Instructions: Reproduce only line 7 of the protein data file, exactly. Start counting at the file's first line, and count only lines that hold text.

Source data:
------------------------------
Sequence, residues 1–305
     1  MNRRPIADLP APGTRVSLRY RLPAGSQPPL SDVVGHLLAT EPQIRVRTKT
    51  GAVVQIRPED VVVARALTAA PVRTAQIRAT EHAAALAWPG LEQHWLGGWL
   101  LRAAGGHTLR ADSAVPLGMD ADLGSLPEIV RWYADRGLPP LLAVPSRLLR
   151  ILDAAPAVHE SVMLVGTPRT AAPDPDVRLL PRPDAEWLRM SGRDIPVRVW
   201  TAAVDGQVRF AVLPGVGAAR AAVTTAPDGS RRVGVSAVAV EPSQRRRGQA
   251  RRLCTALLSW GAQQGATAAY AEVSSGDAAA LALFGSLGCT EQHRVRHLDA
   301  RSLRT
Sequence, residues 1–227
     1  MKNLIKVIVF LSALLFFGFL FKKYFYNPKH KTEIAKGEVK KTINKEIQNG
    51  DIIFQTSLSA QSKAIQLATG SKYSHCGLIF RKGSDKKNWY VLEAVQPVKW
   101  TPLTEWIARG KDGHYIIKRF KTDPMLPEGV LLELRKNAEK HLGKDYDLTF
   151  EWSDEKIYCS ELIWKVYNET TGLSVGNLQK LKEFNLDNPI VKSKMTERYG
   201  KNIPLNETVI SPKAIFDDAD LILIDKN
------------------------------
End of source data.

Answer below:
   251  RRLCTALLSW GAQQGATAAY AEVSSGDAAA LALFGSLGCT EQHRVRHLDA